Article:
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Inc. Magazine article
Michelle Pfeiffer: I Was in a Cult Pre-Fame, Forced on Dangerous Diet (Justin Ravitz/Us Weekly)
Wesmirch.com - over 3 years
Justin Ravitz / Us Weekly: Michelle Pfeiffer: I Was in a Cult Pre-Fame, Forced on Dangerous Diet  —  Whoa.  One of the biggest, most glamorous movie stars of the 80s and 90s, Michelle Pfeiffer is a 55-year-old Hollywood veteran who's had a quieter life and career with director husband David E. Kelley over the past decade or so.
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Wesmirch.com article
‘Star Wars: Episode VII’: J.J. Abrams, Lawrence Kasdan to pen script
LATimes - over 3 years
#photogallery-wrapper{width:100%;background:#000;min-height:450px;} #photogallery{background:#000;width:600px;margin:0px auto;min-height:450px;} .photogalleryloader{} #photogallery div.galleryitem{width:100%;margin:0 0 30px;} #photogallery div.galleryitem p{text-align:left;margin:5px 0px;padding:0 10px;} #photogallery div.galleryitem p.galleryCaption{padding-top:5px;border-top:1px #333 solid;} #photogallery div.galleryitem img{margin:0 auto;border:none;} #photogallery .galleryCredit{letter-spacing:1px;font-size:.75em;text-transform:uppercase;} J.J. Abrams, who has made a name for himself writing, directing and producing such hits as "Lost" and "Star Trek," was tapped in January to direct "Star Wars: Episode VII." (Tracey Nearmy / European Pressphoto Agency) http://herocomplex.latimes.com/movies/j-j-abrams-set-to-direct-star-wars-episode-vii/attachment/us-film-producerwriterdirector-j-j-abrams-3/ 1 Link Abrams made his first foray into television in ...
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LATimes article
Katie Couric Explores 5 Rules for Happiness
Huffington Post - over 3 years
How to find happiness? Katie Couric explored the pursuit of happiness today at Stanford University, California with a panel of experts in psychology, business, neuroscience and design. Fresh Dialogues was super happy to get a front row seat at the event. Here's what we learned: 1. Adopt Happy People Habits Look on the bright side, be grateful, exercise, eat well, invest in deep friendships and be authetic. 2. Embrace Good Stress Sometimes short-term stress, for example appearing on a panel at Stanford, can be a good thing. Embrace it and don't let the fear overcome you. Remember Yoda: Fear is the path to the dark side. 3. Find Meaning in Your Life Be a generous giver and do what makes you feel good (i.e. philanthropy, volunteering, giving back). Give the gift of an experience not things. (E.g. treat your wee nephews to a night at the Lion King Musical -- trust me, it's the best birthday present ever!) 4. Be Creative Don't opt out of creativity in 4th grade! Nurture you ...
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Huffington Post article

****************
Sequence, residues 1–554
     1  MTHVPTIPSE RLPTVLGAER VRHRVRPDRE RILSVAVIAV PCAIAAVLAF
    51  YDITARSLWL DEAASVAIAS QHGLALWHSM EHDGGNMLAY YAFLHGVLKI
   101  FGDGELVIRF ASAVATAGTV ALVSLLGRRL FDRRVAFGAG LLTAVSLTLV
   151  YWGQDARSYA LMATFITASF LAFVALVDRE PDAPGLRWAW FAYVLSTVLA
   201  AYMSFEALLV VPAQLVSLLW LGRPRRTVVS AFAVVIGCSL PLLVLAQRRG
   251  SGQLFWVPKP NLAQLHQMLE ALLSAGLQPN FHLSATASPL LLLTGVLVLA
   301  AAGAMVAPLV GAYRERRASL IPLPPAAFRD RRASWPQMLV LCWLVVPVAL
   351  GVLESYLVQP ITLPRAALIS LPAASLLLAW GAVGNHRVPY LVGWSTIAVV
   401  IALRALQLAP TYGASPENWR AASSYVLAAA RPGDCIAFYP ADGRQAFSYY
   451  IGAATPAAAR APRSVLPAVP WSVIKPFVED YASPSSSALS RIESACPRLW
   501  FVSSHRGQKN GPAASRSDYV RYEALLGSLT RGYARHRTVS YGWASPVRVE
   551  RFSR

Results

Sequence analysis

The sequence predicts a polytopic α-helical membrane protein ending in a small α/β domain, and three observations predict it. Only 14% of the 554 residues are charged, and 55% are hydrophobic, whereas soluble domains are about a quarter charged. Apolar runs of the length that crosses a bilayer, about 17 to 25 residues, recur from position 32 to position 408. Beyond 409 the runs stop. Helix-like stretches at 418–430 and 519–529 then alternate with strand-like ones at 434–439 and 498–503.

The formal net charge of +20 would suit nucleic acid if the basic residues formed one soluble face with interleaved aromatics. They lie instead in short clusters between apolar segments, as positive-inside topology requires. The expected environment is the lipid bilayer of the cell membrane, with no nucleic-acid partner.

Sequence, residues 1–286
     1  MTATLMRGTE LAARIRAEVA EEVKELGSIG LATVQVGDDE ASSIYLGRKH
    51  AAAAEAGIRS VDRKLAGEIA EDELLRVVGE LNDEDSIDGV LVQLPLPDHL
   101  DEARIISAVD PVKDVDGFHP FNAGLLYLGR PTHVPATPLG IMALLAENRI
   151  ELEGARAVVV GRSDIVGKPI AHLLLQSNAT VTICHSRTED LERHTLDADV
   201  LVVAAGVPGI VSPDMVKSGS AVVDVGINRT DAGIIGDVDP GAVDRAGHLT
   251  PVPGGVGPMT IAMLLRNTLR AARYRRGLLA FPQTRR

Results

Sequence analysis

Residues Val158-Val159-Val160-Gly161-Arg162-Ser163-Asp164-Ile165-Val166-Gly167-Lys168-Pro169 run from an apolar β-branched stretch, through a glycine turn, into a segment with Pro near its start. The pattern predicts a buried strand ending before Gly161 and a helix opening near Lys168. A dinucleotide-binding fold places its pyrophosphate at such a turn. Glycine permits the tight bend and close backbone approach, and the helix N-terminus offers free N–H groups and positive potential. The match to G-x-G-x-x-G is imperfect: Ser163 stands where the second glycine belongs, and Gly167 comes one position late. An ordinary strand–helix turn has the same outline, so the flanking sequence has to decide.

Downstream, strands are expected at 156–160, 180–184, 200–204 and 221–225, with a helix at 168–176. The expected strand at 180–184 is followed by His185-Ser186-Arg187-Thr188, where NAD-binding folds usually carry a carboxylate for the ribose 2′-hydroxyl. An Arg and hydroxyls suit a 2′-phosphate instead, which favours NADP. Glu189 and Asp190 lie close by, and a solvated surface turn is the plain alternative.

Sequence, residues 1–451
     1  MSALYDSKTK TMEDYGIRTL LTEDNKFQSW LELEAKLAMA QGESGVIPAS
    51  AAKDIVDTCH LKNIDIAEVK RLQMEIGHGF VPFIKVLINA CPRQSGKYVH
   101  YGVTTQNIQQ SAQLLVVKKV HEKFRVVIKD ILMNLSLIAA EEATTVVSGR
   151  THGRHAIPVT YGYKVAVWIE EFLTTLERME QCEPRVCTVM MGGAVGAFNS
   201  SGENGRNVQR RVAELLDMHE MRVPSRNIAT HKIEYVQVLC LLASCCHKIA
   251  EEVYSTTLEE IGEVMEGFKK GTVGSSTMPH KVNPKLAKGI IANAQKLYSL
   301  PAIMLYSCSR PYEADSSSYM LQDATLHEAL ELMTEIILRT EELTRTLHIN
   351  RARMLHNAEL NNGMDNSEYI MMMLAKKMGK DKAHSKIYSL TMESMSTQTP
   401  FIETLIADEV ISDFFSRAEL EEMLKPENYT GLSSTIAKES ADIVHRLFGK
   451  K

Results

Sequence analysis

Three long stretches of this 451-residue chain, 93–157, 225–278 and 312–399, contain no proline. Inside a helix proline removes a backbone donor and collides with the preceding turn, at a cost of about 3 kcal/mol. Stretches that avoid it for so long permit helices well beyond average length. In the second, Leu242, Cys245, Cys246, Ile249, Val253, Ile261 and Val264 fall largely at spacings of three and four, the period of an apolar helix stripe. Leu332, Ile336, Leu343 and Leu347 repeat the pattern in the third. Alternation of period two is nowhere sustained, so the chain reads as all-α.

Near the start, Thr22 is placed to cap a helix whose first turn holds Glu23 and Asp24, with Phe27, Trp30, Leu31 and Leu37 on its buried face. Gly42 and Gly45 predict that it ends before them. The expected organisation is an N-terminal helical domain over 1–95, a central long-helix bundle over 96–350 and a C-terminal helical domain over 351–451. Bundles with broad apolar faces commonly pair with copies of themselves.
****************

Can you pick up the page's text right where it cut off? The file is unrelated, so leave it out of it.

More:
Why Hasn't 'Wonder Woman' Returned To The Screen?
The Huffington Post - over 3 years
Hollywood can't seem to get "Wonder Woman" right on both the big and small screens. Joss Whedon knows that firsthand. The "Buffy the Vampire Slayer" creator was attached to a big screen adaptation of the Amazon Princess, but the project never came to fruition. "It is hard. She’s a tough nut to crack," Whedon told EW. "I know she's famous as a television show, but I don’t think she lends herself to television. I think she only works on an epic scale. I saw a bit of the David E. Kelley [NBC pilot]. That was not a good marriage." Amazing Grace by geekgirlworld Read More...
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The Huffington Post article
Robin Williams is Back on TV! And It's Bad.
The New Republic - over 3 years
It has been three decades since Robin Williams starred in a sitcom: “Mork and Mindy,” in which Williams played a wacky alien, went off the air in 1982. And now he is back in “The Crazy Ones,” a new CBS comedy from David E. Kelley (also behin
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The New Republic article
Why Creativity Is Like Karaoke
Inc. Magazine - over 3 years
IDEO founders David and Tom Kelley on building a creative culture. Everyone is born creative, but schools and jobs and the hegemony of the conventionally minded steamroller it out of us. So argue David and Tom Kelley, who as leaders of iconic innovation firm IDEO have unparalleled cred on this subject. In their new book, Creative Confidence: Unleashing the Creative Potential Within Us All, the brothers urge a universal uncorseting of our creative selves. Editor-at-large Leigh Buchanan spoke with the Kelley brothers about how companies can tap this undeveloped human resource. Define “creative confidence.” Tom: Creative confidence is the natural human ability to come up with breakthrough ideas combined with the courage to act on them. The courage turns out to be a really important part. Because lots of people have these ideas in passing but are too timid to put them into action. David: Or afraid of the reactions they will get from the people when they do. Why hasn’t companies’ obse ...
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Inc. Magazine article
Divorce, Money Problems Fueled Robin Williams's Return to TV
Moviefone Blog - over 3 years